So, instead of going to the finish line, we followed our other van cheering and “inspiring them” to catch the other team. I enjoyed this a lot more than sitting at the finish line waiting, so even if I wasn’t too keen on coaching our second van, it was nice to be out there. This was all in good fun. The other team was really nice and they beat us by a couple minutes to the finish.

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We finished with an unofficial time of 22:47 which broke 24 hours and beat our time last year by 2 hours. We also won our division, as the ultra team was not competing officially with us.

Our other teams also did very well and finished soon after us. We finished up with an awards ceremony and a drive back to Saratoga Springs.

Overall, even though I wish I could have raced harder, I think racing last weekend was a factor in my lingering fatigue. This race was the most fun I’d had and I’m once again surrounded by new friends. We really outdid ourselves this weekend and I couldn’t be happier with our team.

Check out the hashtag #strongheartsveganpower on Instagram and Twitter to see all the updates from the other teams.

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Check out how a bunch of #vegans won RagnarADK 2016! Click To Tweet

Thanks again to all the support we recieved and all the companies who donated to us. Our donation this year went to Maple Farm Animal Sanctuary, so show them some love too!

Strong Hearts Vegan Power website
Our Sponsors
Maple Farm Animal Sanctuary

Watergap 50K Race Recap 2016

I must begin this post thanking the race director, and my friend Ian for putting on this race. He did a great job with logistics, information, prizes and the course was great. I am proud to be on his Red Newt Racing team. Thanks again for a perfect first ultramarthon!

Pre-Race

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I drove down on Friday fully intending to sleep in my car at the race start. Luckily my friend Peter offered me a bed at his farm. If you’re ever in the Delaware area, check out Tamerlaine Farm Animal Sanctuary. Peter and his wife Gabrielle have done an amazing job creating a rescue for otherwise doomed farm animals.

I got my number and met a fellow Strong Hearts team member, Jason Young and his family for dinner. His kids are the cutest! Their older daughter (name omitted for privacy, but it’s a beautiful name, I just have to mentioned that) colored me a picture while we ate and I carried it with me in my pack during the race.

After an early dinner of calzones and French fries, I got to Peter’s house and get in bed at 8:30PM. I slept really well and was awoken by a rooster just before my alarm at 6:00AM

Everyone meets at the finish and then takes buses to the start, 30 miles away. The course follows the Delaware Watergap trail for 30 miles. Pretty self explanatory and not easy to get lost. After getting off the bus, a bathroom trip in the cornfield and a blowing of the rams horn from Ian, I was running my first ultramarathon.

Race:

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I began the race behind a few women, but after a mile or so it was myself and one other lady. She introduced herself and we talked for the first 10 miles. She actually went to Cornell so she knew where I worked. We traded places for a while and even took a wrong turn together, adding a mile onto the race. The wrong turn was due to some hunting markers being the same color as the race markers. After getting back on track, I had no other issues following the trail.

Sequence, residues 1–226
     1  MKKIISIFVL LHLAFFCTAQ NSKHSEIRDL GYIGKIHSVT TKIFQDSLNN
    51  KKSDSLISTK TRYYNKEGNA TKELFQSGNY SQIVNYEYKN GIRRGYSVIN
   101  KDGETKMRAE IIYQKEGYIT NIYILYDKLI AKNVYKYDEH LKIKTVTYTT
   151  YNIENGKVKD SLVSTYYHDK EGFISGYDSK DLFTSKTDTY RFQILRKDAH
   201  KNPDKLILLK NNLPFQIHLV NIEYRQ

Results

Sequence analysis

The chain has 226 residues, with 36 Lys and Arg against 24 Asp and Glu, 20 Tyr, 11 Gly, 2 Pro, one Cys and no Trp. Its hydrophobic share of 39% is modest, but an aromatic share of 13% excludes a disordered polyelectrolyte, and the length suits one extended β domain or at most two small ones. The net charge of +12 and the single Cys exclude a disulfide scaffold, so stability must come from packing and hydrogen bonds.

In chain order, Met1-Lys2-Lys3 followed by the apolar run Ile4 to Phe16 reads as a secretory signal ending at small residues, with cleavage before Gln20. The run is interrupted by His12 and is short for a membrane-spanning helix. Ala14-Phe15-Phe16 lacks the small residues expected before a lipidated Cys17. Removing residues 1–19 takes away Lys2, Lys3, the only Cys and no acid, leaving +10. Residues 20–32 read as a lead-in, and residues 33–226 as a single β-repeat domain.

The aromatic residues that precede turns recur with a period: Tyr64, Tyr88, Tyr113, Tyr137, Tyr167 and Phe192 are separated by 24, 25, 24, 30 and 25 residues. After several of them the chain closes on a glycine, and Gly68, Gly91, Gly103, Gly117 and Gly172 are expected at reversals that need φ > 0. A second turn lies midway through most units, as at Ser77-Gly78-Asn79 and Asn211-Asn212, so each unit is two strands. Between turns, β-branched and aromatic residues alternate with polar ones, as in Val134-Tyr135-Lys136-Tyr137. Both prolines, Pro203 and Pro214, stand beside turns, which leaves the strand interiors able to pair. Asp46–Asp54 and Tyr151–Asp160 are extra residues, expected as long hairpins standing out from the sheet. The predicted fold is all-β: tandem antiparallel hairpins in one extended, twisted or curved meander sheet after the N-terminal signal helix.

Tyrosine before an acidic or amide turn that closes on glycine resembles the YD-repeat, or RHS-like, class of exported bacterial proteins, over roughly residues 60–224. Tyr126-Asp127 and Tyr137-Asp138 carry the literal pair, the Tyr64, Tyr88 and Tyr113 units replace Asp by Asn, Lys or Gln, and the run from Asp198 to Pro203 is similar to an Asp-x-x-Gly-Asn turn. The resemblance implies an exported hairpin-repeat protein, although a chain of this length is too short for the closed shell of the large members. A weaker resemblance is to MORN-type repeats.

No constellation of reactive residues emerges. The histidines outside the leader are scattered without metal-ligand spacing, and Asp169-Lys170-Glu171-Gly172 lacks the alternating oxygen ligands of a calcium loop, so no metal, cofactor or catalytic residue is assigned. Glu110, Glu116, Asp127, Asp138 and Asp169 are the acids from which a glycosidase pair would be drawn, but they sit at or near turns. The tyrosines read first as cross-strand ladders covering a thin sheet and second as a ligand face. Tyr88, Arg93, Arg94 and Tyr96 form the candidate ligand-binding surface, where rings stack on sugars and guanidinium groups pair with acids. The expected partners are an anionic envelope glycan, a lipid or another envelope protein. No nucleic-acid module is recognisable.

At the third aid station, she went to the bathroom and that was the last time I saw her.

The race is mostly rails trails with some single track at the end. Quite honestly, perfect for someone like me. I started off with gloves but took them off about half way, the weather was great. I clicked off miles between 7 and 8 pace, but wasn’t really focused on it. This race had no expectations, so I felt really relaxed. After 20 miles I remember thinking, ok I would be satisfied if I stopped now, but really, I didn’t feel like I wanted to stop. It felt good to be out there with no problems or distractions.

The last few miles had some single track and some steep inclines, but nothing crazy. It felt good to switch it up after all the flat trail. The last little bit of finish was on grass and I think I actually sped up for that section. I could have kept going (maybe, hindsight is 20/20).

Results:

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4:07 unofficial (7:26 pace) course record and first female.

The winning male time was 3:16. No words.

This is only the second year this race is being run, so I see a lot of fast future times on this course.

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Fuel:

I drank coffee and ate a date before the race.

I drank Tailwind at the aid stations, at a mini Clifbar at mile 15 and some dried mango at the last aid station.

Next time, I think I’ll just drink Tailwind in my bottle.

Post-race thoughts:

I needed this race. Attempting speed this past summer was not working for me. I was not having much fun and feeling burned out. After Ragnar, I realized I needed to find my love of running again. I started running not to be fast or anything like that, I run because I love it. I needed a race with no expectations. A race where I told myself to go slow, to walk if I needed it and to have fun. This race was perfect for me.

Have I signed up for another? No.

I am taking some time off mentally and physically. It is needed. I am very happy to end my season with this race. There is nothing worse than ending a season with a bad taste in your mouth.

The future of the blog

Good morning everyone.

Yesterday morning I woke up to find the past month of posts had been deleted from my account. This was due to my switching host service providers, and I am in the process of seeing if they can be restored.

Oddly, when this happened, I was not sad or upset, more I accepted it. My favorite posts are my race recaps, which I can rewrite, and just sharing the amazing experiences I have doing races and being with my teammates.

It is unfortunate that this happened, but also caused me to think about the future of my blog.

Do I like writing informational posts?

What is it that brings me joy?

What am I most proud of?

I realized that I am sad about losing all the work, but I am content with what I plan to do next. I enjoy writing about running and racing the most. Recipes and product reviews are fun and so are some of my “How-to” and step guides, but really, I like exploring the inter-working of my mind when running.

I will rewrite recaps for Ragnar, Watergap and even write a recap for Rochester, but the other posts I wrote, well, they may be lost.

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That is ok. I want this blog to be a reflection of myself. This is not my coaching website and I am not certified yet. This is a personal blog about my life as a vegan endurance runner. I want to shift back to that.

I will still do nut butter reviews occasionally because that is a huge part of my life 😉

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But I will mostly be talking about racing, my teammates and running as both a spiritual release and a pathway for vegan activism.

Thank you for reading thus far.

Welcome to the evolution of my blog.